September ushers in the start of a new academic year and, with it, the chance to rebalance and find our center as we return to the rhythms of campus life. That’s what National Yoga Month is all about and perhaps it’s no coincidence that it coincides with this time of new beginnings.
If, as you delve deeper into your Week 1 and Week 2 explorations of the first four chakras, you find yourself searching for ways to supplement your practice, look no further. Take a deep breath, roll your shoulders, and check out a few titles that will remind you to check in with yourself.
Yoga Anatomy by Leslie Kaminoff
Advanced and beginning students alike can find something to love and learn with this beautifully illustrated volume. The updated edition of this best-selling guide provides a fascinating, anatomically-focused perspective on yoga.
Detailed anatomical drawings show exactly which muscles are being used during your asanas, while easy-to-read charts offer further explanation of how the different muscles and joints are engaged with each movement. Find out how your body is working, what obstacles you may come across, and what you can do to overcome them. This book is incredibly informative and a treat for the eyes.
Poser: My Life in 23 Poses by Claire Dederer
Seattleite Claire Dederer combines personal anecdotes and contemplations with adventures in yoga in this humorous memoir. Chapters are titled after the yoga pose she was trying to master at that time and offer a fun and unique lens through which to view her life.
Travel through triangle pose, wheel, and crow with the author as she tackles parenthood, societal pressures, generational differences, and redefines what it means to be a good wife, mother, or friend. Witty and winsome, this book is as much about carving your own path and living a good life as it is an introduction to yoga and that is exactly why you should read it.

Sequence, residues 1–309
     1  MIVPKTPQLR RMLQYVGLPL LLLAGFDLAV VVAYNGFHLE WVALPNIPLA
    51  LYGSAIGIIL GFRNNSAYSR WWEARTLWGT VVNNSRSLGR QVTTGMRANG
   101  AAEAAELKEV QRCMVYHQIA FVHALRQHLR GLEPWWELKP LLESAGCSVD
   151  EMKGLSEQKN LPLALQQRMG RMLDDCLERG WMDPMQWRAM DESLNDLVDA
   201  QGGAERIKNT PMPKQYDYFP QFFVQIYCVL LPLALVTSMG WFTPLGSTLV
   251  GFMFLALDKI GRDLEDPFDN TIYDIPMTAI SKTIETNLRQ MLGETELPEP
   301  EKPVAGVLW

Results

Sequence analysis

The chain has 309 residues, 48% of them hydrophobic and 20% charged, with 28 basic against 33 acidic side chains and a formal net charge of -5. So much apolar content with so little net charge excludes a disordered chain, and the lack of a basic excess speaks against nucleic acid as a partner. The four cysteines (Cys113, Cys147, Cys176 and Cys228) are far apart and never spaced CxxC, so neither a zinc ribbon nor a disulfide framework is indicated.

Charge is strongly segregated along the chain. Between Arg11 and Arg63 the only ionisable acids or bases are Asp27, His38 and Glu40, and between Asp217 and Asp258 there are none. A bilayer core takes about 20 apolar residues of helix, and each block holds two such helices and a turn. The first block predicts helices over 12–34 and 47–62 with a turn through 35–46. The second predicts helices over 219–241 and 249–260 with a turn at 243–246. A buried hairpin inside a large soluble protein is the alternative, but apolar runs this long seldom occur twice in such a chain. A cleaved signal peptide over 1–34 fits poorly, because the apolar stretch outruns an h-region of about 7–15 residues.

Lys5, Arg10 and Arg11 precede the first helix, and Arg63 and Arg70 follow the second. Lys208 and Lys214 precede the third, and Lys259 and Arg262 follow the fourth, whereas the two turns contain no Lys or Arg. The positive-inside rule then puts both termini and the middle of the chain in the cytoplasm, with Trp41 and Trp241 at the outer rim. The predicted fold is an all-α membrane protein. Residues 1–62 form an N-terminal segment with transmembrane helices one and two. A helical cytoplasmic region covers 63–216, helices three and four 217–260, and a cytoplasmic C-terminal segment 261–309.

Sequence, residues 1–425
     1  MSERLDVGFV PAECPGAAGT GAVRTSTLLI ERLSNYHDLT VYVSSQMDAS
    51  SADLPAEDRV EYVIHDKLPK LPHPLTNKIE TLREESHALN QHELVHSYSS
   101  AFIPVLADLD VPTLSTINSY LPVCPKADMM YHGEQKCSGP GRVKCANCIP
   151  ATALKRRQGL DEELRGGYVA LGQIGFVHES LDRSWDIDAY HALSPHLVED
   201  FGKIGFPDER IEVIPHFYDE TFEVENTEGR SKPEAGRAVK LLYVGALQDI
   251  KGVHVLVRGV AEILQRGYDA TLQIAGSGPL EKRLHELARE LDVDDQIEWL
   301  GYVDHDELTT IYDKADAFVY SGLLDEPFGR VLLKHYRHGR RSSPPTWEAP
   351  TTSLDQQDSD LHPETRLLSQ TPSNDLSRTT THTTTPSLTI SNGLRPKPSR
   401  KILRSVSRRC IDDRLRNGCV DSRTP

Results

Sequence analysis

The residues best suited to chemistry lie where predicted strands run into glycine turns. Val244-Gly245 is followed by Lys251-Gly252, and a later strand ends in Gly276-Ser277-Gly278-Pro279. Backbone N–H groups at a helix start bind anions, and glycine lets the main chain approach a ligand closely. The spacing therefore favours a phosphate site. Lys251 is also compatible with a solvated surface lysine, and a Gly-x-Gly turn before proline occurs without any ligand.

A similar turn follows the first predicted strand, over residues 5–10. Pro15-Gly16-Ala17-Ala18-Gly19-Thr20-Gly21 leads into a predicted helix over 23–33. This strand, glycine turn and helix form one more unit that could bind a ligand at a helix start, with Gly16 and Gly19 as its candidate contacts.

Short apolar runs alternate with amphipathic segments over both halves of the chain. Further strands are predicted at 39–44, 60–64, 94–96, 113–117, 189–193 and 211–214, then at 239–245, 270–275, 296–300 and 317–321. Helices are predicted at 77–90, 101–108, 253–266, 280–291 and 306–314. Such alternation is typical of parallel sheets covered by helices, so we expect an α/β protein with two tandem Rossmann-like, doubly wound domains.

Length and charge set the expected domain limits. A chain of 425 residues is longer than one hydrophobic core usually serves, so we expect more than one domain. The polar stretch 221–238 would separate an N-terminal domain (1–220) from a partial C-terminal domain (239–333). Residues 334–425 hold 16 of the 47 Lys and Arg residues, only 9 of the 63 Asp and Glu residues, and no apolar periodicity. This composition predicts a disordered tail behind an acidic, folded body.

Light on Yoga by B. K. S. Iyengar
Light on Yoga is a fundamental text for anyone developing and interest in this ancient art. Credited with helping to popularize yoga in the West, Iyengar is an incredible, iconic resource. Featuring over 600 images of poses and detailed instructions for proper form and improving alignment, this book is one of the most comprehensive manuals you’ll find and a fantastic modern yoga reference.
What’s more, this book also delves into the philosophical side of yoga. Besides learning asanas, you’ll also be learning about mindfulness, breathing, and providing discipline for both your mind and body. If you only going to read one book about yoga, this is an excellent choice.
Breathe by Jean Hall
How are your stress levels? Take a few moments to find peace and clarity with Jean Hall’s Breathe. This book might be small, but it’s packed full of powerful tips, techniques, and advice that can help you relax and reduce stress in just a few minutes.
Conceived by beloved British yoga instructor Jean Hall, it’s written in an easy-to-understand style and pairs perfectly with yoga studies. Discover simple, but effective breathing exercises, inspiring messages in a portable volume that makes a practical and unintimidating introduction to mindfulness and meditation.
The Miracle of Mindfulness by Thich Nhat Hanh
Written by world-renowned Zen master Thich Nhat Hanh, The Miracle of Mindfulness is a wonderful starting point for your journey into mindfulness and meditation. Distilled for clarity, this book delivers profound messages in a simple and approachable style.
What we love most about this book is how it feels so relevant and applicable to daily life. With practical exercises and thought-provoking anecdotes, it teaches how to incorporate a greater sense of awareness and presence into your actions whether you’re washing dishes, eating lunch, or making your way across campus.
Good Morning Yoga by Mariam Gates
Get the kids interested in yoga too! This sweet picture book makes a great addition to their morning routine and encourages young yogis to start their day calm, fresh, and focused with simple breathing exercises, movements, and poses.
We love the playfulness of Sarah Jane Hinder’s illustrations and the diversity of the children depicted. Guided visualizations are also included which can be read aloud to young readers by a grownup. Author Miriam Gates is a Harvard graduate with a master’s degree in education and it shows in the accessible feeling and easy pacing of this title.
Pick up one of these titles to read in between September’s slate of Yoga Month events. Namaste, readers!